We sell loads of glass here at UncommonGoods, and I often joke with my friends that it’s not quite my thing—that I appreciate the artistry of it, but it just doesn’t speak to me the way, say, a piece of jewelry does. (As a former art history student who doesn’t much dig Impressionism, I’m pretty practiced at delivering that type of spiel.) To be totally honest, though, I’ve come to see glass in a new light since speaking with so many of our wonderful makers. They give their work a personality and meaning that I, a relative philistine, at least as far as glass goes, hadn’t really considered before. And Richard Glass is no exception… though he is, we concede, exceptionally well-named.
We were first introduced to Richard’s handiwork—his Saturn Glass Sculptural Bowl in particular—in a meeting room in our office in Sunset Park, Brooklyn, and we soon reached out to him in search of answers to questions like: “Why glass?” and “What inspires you?” What we received were some seriously delightful insights into his past and passions, complete with anecdotes that made us chuckle and wise words that made us go hmm at our desks. Read on for our Q&A with Richard, complete with a sneak peek into his dazzling workspace in Devon, England.
When did you know you wanted to be an artist, and how did you decide to focus on glass?
My passion has always been drawing; as a child it’s all I would do. I would draw for other people and soon realized there were people doing this, not just as a job but as a way of life. I thought I would be a portrait artist but I found a new direction. I wish I could say it was grander than how I am about to describe it but this is the truth….
When the 1997 “Sensation” exhibition kicked off … [it] brought a fierce debate over the relevance of art and artists. Everyone was up in arms about this…. It’s fair to say that I felt working within a traditional craft elevated my work beyond the popular sneer of “I can do that.” Glassmaking is hard and skillful… so no, you can’t do it easily. It takes years to learn the basics and you never stop learning. I love retracing the steps of previous generations of glassmakers. We all battle with the same concerns, making things straight, making things thin, and dealing with the extreme heat. It’s a pleasure to keep this skill alive….
My father was a blacksmith. … Approval is important [and] learning a skill where you have dirty black hands ran in the family. Earning a beer is also important and it was tax deductible for a glassmaker. I can be as creative as I want and make beautiful or challenging works; there are markets for both. Why glass as a material? Well, it’s super sexy but also a chameleon of a material. It can look like steel, or wood, or any other material if you wish. Its own qualities, transparency and inner reflection, make it unique in its beauty. It is dynamic to work with. That’s why people watch me work. After so many years making I am still excited to look at yesterday’s work when it cools…. It’s always a surprise. Glassmakers also like mucking about. The material needs to be explored and looked at like a child, and we all need a bit of that.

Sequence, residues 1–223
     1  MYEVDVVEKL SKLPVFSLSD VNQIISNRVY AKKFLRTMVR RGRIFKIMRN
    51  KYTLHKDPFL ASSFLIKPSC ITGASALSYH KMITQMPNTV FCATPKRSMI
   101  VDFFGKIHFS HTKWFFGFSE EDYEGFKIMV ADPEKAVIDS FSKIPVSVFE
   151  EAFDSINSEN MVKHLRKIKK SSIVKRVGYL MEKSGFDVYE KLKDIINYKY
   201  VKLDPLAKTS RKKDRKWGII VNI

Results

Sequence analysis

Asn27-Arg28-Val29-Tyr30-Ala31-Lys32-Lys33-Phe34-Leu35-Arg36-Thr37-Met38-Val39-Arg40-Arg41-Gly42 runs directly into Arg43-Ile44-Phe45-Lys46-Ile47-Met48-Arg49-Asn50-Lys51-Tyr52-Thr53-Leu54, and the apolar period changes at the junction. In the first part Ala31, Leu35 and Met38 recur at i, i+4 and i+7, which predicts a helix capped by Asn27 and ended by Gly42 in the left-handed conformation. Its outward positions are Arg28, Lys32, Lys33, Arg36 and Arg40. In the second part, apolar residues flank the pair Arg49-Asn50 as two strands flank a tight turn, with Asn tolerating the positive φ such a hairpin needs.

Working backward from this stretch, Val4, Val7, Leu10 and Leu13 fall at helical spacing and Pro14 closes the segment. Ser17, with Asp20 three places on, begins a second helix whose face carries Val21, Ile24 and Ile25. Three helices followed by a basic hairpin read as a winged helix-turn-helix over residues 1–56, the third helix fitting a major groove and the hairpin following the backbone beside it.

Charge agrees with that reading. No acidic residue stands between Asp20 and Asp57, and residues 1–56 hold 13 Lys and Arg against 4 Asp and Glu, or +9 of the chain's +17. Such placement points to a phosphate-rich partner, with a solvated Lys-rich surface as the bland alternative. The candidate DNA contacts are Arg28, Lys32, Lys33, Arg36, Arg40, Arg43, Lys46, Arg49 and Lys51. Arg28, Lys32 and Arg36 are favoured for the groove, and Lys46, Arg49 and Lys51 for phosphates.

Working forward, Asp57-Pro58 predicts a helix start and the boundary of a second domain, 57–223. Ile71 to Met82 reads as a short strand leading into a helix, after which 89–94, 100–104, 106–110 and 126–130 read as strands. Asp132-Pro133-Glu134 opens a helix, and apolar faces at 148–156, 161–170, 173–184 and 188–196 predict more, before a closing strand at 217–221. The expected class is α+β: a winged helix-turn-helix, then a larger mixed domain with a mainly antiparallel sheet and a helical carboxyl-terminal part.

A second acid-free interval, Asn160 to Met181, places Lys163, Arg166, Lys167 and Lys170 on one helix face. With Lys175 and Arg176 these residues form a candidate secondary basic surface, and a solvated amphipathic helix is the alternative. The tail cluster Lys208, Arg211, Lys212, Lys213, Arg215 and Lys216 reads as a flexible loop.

What was the most exciting thing about becoming a professional artist?
Apart from saying “I did that, isn’t it cool,” I think it’s the fact that you can make such a variety of work. I sometimes feel like Mr Benn. I can be installing a chandelier one day and then a sculpture out in a field the next.
Is there a special trinket or other inspirational object you keep near you while you work? If so, what is it and what does it mean to you?
I keep a glass cat I made on my first day in a glassmaking studio. I don’t carry it with me but it’s my most treasured object. I have been trying to make the perfect cat ever since. I found this amazing solid cat sculpture tucked away on a dusty shelf on my first day glassmaking. Nobody knew who made it…. It was from years ago. It was so understated and elegant. I remember it clearly. My mission is to make a comparable one.
Describe a typical day in your workshop. What is your creative process like?
I normally make for orders during the day. It’s busy and it’s hard work. It’s the business part of the day. The evening, when everyone has gone, is when I play. I normally turn most of the lights off and work in the gloom on my own. The hot glass comes alive then. I play, looking for happy accidents or ways of turning processes upside down. Sometimes I hit on something great, most of the time I don’t… but it’s always fun. A lot of my thinking is about process, process first then inspiration to use it.
Where do you turn for inspiration?
I can’t answer that… everywhere… the bin normally. Rejects are often the starting point for new things.
If you showed your work to a kindergartner, what do you think they would say?
We have children in the studio all of the time. Most are amazed at the heat and the speed of work. After initial caution they love the colors of the glass when it’s hot and the magic of the transformation when it cools. I encourage them to touch things… and not be afraid of the glass. It won’t break.
Finally, what quote or mantra keeps you motivated?
This is real. I actually say these things.
I joke that “consistency is the glassmaker’s spice of life.” Does that answer? The quote I love [most] is, “People always demand that art be comprehensible but never demand that they adapt themselves to comprehension.” I like that.